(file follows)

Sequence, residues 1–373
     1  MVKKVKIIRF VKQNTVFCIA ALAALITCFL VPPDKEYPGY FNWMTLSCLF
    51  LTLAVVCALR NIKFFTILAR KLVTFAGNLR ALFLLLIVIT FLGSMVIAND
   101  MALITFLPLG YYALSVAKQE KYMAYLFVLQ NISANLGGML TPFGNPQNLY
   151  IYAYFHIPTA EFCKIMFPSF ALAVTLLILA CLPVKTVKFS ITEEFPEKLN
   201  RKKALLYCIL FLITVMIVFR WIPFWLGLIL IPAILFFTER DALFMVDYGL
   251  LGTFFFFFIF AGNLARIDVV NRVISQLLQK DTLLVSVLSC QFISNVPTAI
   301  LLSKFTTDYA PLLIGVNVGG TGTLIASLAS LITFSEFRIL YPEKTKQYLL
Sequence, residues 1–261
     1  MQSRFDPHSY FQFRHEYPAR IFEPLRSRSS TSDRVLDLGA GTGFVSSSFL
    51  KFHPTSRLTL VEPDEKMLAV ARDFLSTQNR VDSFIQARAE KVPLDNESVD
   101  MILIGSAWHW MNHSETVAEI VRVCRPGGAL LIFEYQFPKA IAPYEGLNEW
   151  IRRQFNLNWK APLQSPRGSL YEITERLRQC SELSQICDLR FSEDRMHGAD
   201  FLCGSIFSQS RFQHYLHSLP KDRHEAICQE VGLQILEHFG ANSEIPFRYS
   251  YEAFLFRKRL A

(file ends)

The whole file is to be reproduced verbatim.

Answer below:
Sequence, residues 1–373
     1  MVKKVKIIRF VKQNTVFCIA ALAALITCFL VPPDKEYPGY FNWMTLSCLF
    51  LTLAVVCALR NIKFFTILAR KLVTFAGNLR ALFLLLIVIT FLGSMVIAND
   101  MALITFLPLG YYALSVAKQE KYMAYLFVLQ NISANLGGML TPFGNPQNLY
   151  IYAYFHIPTA EFCKIMFPSF ALAVTLLILA CLPVKTVKFS ITEEFPEKLN
   201  RKKALLYCIL FLITVMIVFR WIPFWLGLIL IPAILFFTER DALFMVDYGL
   251  LGTFFFFFIF AGNLARIDVV NRVISQLLQK DTLLVSVLSC QFISNVPTAI
   301  LLSKFTTDYA PLLIGVNVGG TGTLIASLAS LITFSEFRIL YPEKTKQYLL
Sequence, residues 1–261
     1  MQSRFDPHSY FQFRHEYPAR IFEPLRSRSS TSDRVLDLGA GTGFVSSSFL
    51  KFHPTSRLTL VEPDEKMLAV ARDFLSTQNR VDSFIQARAE KVPLDNESVD
   101  MILIGSAWHW MNHSETVAEI VRVCRPGGAL LIFEYQFPKA IAPYEGLNEW
   151  IRRQFNLNWK APLQSPRGSL YEITERLRQC SELSQICDLR FSEDRMHGAD
   201  FLCGSIFSQS RFQHYLHSLP KDRHEAICQE VGLQILEHFG ANSEIPFRYS
   251  YEAFLFRKRL A